We develop, promote and share ideas and innovation that support the development of science-based policy in decision-making related to Australia’s vast marine jurisdiction.
Our marine network includes:
If you’re interested in a marine internship or volunteer position, contact the MSI coordinator at email@example.com.
We host national and international research groups across 10 disciplines, with more than 30 academic staff and 100 postgraduate students. We also work with key industry and government entities to support innovative, applied research that responds to Australia’s needs.
Our annual showcase highlights our research and projects, and promotes discussion on innovative, cross-disciplinary, problem-solving research.
We provide a range of technical and research support facilities for marine research including:
The Marine Science major or minor draws together relevant material to create a multi disciplinary curriculum that provides you with in-depth knowledge in a range of marine science. The major is explicitly science-based but seeks to provide you with with a broader range of capabilities and an interdisciplinary mind-set to service the large and growing demand for coastal and marine experts in a range of fields.
Developed in collaboration with the Sydney Institute of Marine Science and its partner universities, this program's rich array of subjects include the science and management of coasts, marine ecology and conservation, coral reefs, climate change, oceanography (physical, geological and biological) and engineering (coastal and marine).
Equipment in the Institute includes an 8-metre research boat, numerous smaller boats, a side-scan sonar, an Acoustic Doppler Current Profiler (ADCP), CTDs, a vibro-corer, deep and shallow-sea seismic equipment and a comprehensive range of environmental monitoring equipment available within the individual departments.
We also have access to the University’s supercomputing facilities for modelling and visualisation, the University’s Electron Microscope Unit, and the NWG Macintosh Centre for Quaternary Dating.
|Professor Elaine Baker, Director MSI||Mercury rising, Deep sea mining|
|Dr Joy Becker||Production-limiting infectious diseases affecting global aquaculture|
|Professor Gavin Birch||Human-induced change and biological risk posed by contaminants in estuarine/harbour sediments: Sydney Harbour/estuary (Australia)|
|Dr Michelle Blewitt||Marine mammal research|
|Dr Elisa Bone||Billion Oyster Project, Educational Designer University of Sydney|
|Dr Eleanor Bruce||Integrated Geospatial Management System Sydney Harbor Area|
|Professor Maria Byrne||Impacts of ocean acidification on the interaction between tropical sea cucumbers, sediment biota and lagoon carbonate dynamics - direct and indirect effects of high CO2|
|Professor Doug Cato||The Behavioural Response of Australian Humpback Whales to Seismic Surveys (BRAHSS)|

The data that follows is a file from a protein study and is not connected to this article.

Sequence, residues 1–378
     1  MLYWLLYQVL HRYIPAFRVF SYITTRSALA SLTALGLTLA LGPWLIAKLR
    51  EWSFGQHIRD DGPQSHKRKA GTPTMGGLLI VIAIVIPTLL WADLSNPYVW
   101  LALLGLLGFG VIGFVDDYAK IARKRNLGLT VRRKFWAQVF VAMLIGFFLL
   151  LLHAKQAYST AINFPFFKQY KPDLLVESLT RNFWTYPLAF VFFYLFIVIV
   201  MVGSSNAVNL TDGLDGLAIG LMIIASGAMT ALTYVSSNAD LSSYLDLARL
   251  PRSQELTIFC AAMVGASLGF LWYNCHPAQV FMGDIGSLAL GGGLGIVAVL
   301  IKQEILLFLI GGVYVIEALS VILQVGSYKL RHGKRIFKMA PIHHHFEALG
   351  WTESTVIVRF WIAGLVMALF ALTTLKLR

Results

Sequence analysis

|Dr Samantha Clark||Can submarine landslides trigger tsunamis?|
|Associate Professor Ross Coleman||The impacts of human activities (e.g. pollution, buildings, seawalls) on coastal environments and how best to measure them|
|Dr Navneet Dhand||The use of epidemiological and statistical tools to improve public health and to solve intricate problems confronting animal industries|
|Dr Olivia Evans||Pacific Oyster Mortality Syndrome – closing knowledge gaps to continue farming Crassostrea gigas in Australia.|
|Dr Renata Ferrari Legorreta||3D Reefs Project|
|Professor Will Figueira||Spatial Ecology of Marine Ecosystems, Marine Resource Management & Conservation, Population Ecology of Marine Fish (Temperate-Tropical)|
|Dr Daniel Harrison||Saving the Great Barrier Reef - Cloud Whitening droplet generator|
|Dr Paul Hick||Pacific Oyster Mortality Syndrome|
|Dr Tom Hubble||Can submarine landslides trigger tsunamis?|
|Dr Kate Johnson||Sustaining More Than Fish: Tradition and transformation in environmental conflicts, analysed the discursive and material relationship between culture and sustainability through the case study of tuna and La Tonnara - a tuna trap fishery used for centuries in Southern Italy|
|Professor Ian Jones||Saving the Great Barrier Reef and Fertilising the ocean to help food security|
|Professor Peter Lay||Vibrational Spectroscopic Analysis of Microplastics and Microfibres in Fish|
|Professor Rosemary Lyster||Australian Centre for Climate and Environmental Law|
|Dr Gabriel Machovsky-Capuska||Nutritional Ecology of Marine Predators: challenges and opportunities|
|Dr Bree Morgan||The mobility, bioavailability and toxicity of trace metals in natural and disturbed coastal systems.|
|Dr Phil Mulhearn||Changing water depths in Sydney Harbour and History of the charting/surveying of major NSW estuaries and the accuracy of early charts.|
|Professor Dietmar Müller||Marine geophysics and geodynamics, plate tectonics. Machine Learning Approaches to Analysing Global Sea Surface and Seafloor Data|
|Dr Richard Murphy|
|Professor Elspeth Probyn||Eating the Ocean - communicating complexity|
|Dr Maria Seton||Zealandia: Earth’s Hidden Continent|
|Dr Yehuda Shalem, MSI coordinator||Surface-groundwater interaction in coastal water|
|Professor Tim Stephens, Deputy Director MSI||Ocean Governance in the Anthropocene – The Carbonation Challenge|
|Dr Edwina Tanner, MSI coordinator||Oceanography and global warming (CO2 emissions)|
|Dr Emma Thompson||Future Proofing the Sydney Rock Oyster|
|Associate Professor Ana Vila-Concejo||Geocoastal research at the University of Sydney|
|Dr Ashley Ward||Behavioural ecology of fish|
|Associate Professor Jody Webster||Spur and Groove Evolution, Formation and Paleoclimate: Great Barrier Reef and French Polynesia|
|Professor Richard Whittington||Aquatic Animal Health and Environmental Immunology|
|Professor Stefan Williams||Marine Systems at the Australian Centre for Field Robotics (navigation and mapping, clustering and classification, novel sensing, survey designs and platform designs)|